A properly fitted battery cut off switch makes a very good safety and security accessory. There are two ways in which it can be done, the first being the most simple and the second slightly more complicated and by far the better of the two.
The first is just to fit a basic isolator switch in the main +VE cable between the battery and the starter-motor common terminal (one of the leads will probably need extending so make sure you use the correctly rated cable, especially if you are extending the run). Mount the switch so it can be reached by the driver and remove the key whenever you park-up but DO NOT switch off the switch when the engine is running or you will damage the alternator.
The second way is to use a competition switch (pictured above) which incorporates two pairs of terminals as well as the main battery lead terminals. One of these pairs of contacts opens when you turn off the switch and kills the engine by either interrupting the ignition supply (petrol) or closing the fuel solenoid (diesel). The second pair of contacts closes when the switch is turned off and this diverts the power from the alternator (which is still producing power until it stops turning) and diverts this power through a ballast resistor to earth thereby protecting the alternator.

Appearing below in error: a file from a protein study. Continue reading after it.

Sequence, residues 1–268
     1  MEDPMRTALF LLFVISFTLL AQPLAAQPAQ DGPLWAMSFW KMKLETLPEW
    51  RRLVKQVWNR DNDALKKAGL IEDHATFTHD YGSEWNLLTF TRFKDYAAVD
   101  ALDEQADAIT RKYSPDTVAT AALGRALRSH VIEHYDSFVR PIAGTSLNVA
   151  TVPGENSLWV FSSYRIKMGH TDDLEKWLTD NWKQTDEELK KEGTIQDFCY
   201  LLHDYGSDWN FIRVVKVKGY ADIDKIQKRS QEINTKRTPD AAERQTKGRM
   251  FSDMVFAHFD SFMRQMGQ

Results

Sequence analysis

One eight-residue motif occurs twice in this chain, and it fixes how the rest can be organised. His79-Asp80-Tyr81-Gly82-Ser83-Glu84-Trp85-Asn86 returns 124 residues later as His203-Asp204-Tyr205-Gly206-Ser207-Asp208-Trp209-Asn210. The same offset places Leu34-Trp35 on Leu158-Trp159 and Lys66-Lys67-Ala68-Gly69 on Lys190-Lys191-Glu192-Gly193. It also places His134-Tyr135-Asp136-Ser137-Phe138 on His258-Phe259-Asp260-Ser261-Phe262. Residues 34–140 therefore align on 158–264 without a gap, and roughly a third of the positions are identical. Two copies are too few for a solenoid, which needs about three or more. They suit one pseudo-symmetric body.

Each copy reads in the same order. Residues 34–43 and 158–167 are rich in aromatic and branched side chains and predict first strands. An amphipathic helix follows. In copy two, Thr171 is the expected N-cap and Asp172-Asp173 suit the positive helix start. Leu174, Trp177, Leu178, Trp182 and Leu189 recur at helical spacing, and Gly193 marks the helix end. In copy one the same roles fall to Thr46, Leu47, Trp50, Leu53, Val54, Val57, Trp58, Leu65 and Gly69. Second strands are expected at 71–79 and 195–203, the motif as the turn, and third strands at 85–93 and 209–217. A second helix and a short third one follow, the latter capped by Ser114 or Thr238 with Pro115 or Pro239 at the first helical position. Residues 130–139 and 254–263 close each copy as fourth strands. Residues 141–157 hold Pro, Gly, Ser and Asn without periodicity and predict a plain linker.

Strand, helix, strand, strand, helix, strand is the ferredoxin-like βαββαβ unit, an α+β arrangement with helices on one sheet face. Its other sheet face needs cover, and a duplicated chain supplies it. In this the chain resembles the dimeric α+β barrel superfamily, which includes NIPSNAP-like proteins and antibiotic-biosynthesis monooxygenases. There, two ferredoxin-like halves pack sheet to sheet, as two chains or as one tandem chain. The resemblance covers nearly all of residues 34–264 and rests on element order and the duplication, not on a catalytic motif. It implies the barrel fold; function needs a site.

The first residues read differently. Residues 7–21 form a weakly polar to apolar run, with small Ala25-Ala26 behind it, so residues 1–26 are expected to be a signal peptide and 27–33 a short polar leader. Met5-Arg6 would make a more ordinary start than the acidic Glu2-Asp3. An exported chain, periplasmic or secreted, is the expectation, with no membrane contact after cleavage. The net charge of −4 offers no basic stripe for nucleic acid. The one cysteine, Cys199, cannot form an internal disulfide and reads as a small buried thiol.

If you have accessories which require a permanent feed (radio, alarm etc) you can run an aux fuse box direct from the battery to power these items.
Both these switches are available from car accessory shops, motor-factors, race/rally specialists etc, the basic one is about £10 and the competition one is about £22 (both include 1 key but spares are only about £1 to buy). Some online suppliers include the following